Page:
RAISA RUBIN-STANKIEWICZ: They did have a right answer. Like, they had a defined right answer, but they asked, which of these is not a main idea? But all of them kind of tied in to the idea. So everybody had a different answer, because everybody interpreted the text differently. There’s never going to be one right way to solve a problem, so why should there be one right answer?
JOHN MERROW: Left and right object to the cost of the tests.
CAROLEE ADAMS: They’re saying New Jersey needs at least $575 million. I have heard of schools that have a shortfall of half-a-million and three-quarters-of-a-million. So, it is something. This is costly.
JOHN MERROW: Students will spend up to 11 hours taking the test over nine days. Most will take them on computers and everyone is expecting glitches.
RAISA RUBIN-STANKIEWICZ: They don’t be what the computer thing is going to be like. A lot of them, there’s, like, all these different problems like dragging and dropping, and a lot of student don’t know how to do this kind of stuff on the computer.
JULIA SASS RUBIN: I think the only people who benefit from this would be those who are selling the test, because the districts are not well off from the testing. Students are certainly not well off from the testing.
JOHN MERROW: As the protests have picked up steam, the education establishment has gone on the offensive.
NARRATOR: The old standardized test merely evaluated Tommy’s ability to memorize basic facts. The new assessments measure deep understanding of the types of problems he will encounter in the real world.
JOHN MERROW: In New Jersey, most school superintendents are defending the test, including Jersey City Superintendent Marcia Lyles.
MARCIA V. LYLES: We want to prepare our students to think about thinking. When they graduate from high school, it’s not just a regurgitation or memorization of everything.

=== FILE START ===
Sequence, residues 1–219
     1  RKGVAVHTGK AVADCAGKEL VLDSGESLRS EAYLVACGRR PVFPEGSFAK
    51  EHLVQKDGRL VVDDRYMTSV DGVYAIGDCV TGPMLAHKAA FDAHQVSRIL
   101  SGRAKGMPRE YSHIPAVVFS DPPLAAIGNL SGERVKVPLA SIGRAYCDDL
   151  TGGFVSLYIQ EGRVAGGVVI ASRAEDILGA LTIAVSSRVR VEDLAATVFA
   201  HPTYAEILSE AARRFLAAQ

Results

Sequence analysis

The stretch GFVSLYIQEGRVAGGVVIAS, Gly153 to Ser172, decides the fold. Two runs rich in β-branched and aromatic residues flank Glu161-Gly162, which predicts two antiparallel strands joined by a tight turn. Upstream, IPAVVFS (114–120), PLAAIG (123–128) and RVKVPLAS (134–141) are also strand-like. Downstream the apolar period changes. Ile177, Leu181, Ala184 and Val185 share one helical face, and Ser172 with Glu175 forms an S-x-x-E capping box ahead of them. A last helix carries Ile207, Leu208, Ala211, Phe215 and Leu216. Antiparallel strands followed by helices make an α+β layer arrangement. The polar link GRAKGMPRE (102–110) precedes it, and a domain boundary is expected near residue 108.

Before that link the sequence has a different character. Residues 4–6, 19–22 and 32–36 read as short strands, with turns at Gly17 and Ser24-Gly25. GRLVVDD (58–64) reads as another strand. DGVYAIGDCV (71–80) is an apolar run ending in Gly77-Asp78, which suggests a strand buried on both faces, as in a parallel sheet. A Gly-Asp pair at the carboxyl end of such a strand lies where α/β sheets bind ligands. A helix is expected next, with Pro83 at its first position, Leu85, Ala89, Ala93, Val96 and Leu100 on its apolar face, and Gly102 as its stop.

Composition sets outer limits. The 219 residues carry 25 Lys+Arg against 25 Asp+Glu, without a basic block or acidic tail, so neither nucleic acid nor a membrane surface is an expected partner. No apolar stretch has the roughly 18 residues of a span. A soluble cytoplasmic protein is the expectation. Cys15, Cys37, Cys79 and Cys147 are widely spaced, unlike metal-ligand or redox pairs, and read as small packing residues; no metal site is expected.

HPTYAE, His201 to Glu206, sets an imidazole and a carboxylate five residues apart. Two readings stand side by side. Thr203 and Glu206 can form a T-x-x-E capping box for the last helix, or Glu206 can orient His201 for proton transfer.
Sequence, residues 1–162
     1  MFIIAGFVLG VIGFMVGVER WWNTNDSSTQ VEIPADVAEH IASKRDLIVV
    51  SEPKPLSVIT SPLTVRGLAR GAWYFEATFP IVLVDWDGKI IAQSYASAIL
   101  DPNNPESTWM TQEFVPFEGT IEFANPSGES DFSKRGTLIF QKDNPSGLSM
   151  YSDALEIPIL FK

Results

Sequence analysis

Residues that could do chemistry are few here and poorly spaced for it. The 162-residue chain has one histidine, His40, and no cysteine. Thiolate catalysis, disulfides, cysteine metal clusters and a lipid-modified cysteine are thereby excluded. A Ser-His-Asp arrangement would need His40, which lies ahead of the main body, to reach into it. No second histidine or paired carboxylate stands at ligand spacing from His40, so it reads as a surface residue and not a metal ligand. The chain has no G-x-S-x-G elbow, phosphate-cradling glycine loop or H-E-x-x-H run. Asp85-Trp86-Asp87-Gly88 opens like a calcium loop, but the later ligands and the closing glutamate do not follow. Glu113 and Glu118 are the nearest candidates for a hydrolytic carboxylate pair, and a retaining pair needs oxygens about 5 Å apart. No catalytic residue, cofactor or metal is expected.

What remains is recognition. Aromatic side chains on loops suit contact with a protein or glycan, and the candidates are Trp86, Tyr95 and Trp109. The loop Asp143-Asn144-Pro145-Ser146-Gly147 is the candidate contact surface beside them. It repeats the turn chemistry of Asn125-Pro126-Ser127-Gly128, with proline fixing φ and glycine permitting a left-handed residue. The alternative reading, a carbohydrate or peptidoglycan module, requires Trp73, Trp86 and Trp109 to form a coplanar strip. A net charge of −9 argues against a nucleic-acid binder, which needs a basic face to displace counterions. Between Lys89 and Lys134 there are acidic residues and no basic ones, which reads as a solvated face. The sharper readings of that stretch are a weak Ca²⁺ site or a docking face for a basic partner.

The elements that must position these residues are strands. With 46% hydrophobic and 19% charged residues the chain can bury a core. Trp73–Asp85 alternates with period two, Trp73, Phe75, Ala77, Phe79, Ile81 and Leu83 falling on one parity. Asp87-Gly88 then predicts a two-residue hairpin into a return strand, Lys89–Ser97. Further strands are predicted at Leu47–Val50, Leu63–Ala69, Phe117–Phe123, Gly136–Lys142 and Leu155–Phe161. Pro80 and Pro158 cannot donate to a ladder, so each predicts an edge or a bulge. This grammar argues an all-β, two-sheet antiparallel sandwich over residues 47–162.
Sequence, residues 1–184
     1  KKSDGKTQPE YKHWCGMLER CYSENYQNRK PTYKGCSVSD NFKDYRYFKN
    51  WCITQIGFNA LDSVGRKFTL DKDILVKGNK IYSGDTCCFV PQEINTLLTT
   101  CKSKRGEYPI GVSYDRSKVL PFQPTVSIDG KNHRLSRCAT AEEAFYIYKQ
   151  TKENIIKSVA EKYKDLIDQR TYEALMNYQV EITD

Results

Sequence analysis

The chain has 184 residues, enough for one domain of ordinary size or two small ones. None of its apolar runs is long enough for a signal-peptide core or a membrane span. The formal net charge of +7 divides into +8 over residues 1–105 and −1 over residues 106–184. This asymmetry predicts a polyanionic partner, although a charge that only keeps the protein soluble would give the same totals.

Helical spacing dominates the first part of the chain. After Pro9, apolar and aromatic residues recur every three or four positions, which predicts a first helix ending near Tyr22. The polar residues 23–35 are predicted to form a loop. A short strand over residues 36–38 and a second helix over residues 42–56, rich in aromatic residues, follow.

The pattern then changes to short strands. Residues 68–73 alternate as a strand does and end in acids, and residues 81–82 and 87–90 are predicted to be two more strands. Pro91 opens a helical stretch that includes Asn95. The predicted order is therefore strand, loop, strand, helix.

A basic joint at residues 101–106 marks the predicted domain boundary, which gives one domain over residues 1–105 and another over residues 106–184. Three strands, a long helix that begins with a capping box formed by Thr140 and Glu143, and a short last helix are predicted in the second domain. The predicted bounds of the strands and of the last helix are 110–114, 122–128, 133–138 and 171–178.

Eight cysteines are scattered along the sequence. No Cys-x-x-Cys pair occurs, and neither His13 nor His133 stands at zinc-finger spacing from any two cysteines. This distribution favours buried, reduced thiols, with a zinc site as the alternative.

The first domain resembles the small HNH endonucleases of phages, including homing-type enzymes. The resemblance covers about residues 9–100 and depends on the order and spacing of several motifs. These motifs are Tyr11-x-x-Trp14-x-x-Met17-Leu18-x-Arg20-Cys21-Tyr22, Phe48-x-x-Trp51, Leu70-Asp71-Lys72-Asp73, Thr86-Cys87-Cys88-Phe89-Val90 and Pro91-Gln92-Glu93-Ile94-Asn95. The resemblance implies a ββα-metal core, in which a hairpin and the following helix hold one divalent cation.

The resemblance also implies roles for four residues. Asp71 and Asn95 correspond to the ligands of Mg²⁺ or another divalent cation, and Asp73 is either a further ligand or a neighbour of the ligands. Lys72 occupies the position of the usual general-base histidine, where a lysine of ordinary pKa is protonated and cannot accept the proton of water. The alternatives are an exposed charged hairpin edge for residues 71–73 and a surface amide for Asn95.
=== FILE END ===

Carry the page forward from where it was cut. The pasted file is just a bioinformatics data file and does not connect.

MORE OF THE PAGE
JOHN MERROW: She believes that higher standards will create a level playing field in mostly African-American and Latino districts.
MARCIA V. LYLES: It will have the effect of making sure everybody has the same expectation. It’s about shared expectations for everybody. And I think that, for certain students and certain groups, that we didn’t have the same expectation.
JOHN MERROW: Seventy percent of her 28,000 students qualify for free or reduced-price lunch.
But, as they say, the critics say all this test is going to do is remind them that they fail tests.
MARCIA V. LYLES: So they will be reminded that they’re not successful when they leave high school, and they can’t get into a college of their choice or they have to take remedial course work. We need to know now how they are performing. We need to know now, so that we can provide the interventions necessary. And this will help us craft that.
JULIA SASS RUBIN: There’s absolutely no data to show that imposing this — quote, unquote — “accountability” has improved educational outcomes, in fact, just the opposite. Inequality has increased. What the tests primarily measure is the wealth of their families and the educational background of their families.
JOHN MERROW: Scores on the PARCC won’t determine whether students are promoted. However, teachers in several states, including New Jersey, will be judged on the results.
JULIA SASS RUBIN: It certainly impacts the teachers directly. And if teachers are miserable and de-motivated, it certainly affects the students.
JOHN MERROW: What happens to students who opt out is up to individual school districts. Some are taking a hard line and making them sit at their desks during the testing hours, no books to read, nothing.
If a kid is opting out, will he or she just have to sit and stare?
MARCIA V. LYLES: Oh, no.
JOHN MERROW: Or will there be…
MARCIA V. LYLES: No, we will have — we will have — we will have alternatives for students who parents withdraw them from the test.
JOHN MERROW: But superintendent Lyles is not telling parents about this policy.
MARCIA V. LYLES: We are not promoting withdrawing from the test. We really want our students to participate in this assessment.
JOHN MERROW: The PARCC test will be administered in New Jersey throughout this month and again in may. Meanwhile, protesters seem to be growing more determined.
TANAISA BROWN: I think this is exactly democracy looks like. It’s coming out in numbers, showing exactly what the people want.
JOHN MERROW: How strong is this grassroots test refusal movement? Politicians are paying attention. Twelve states have already dropped the Common Core tests. And others are considering it.
I’m John Merrow, reporting from Newark, New Jersey, for the PBS NewsHour.
GWEN IFILL: It’s too early to say just how many students are opting out so far, but we will stay on the story and report back this spring with the results.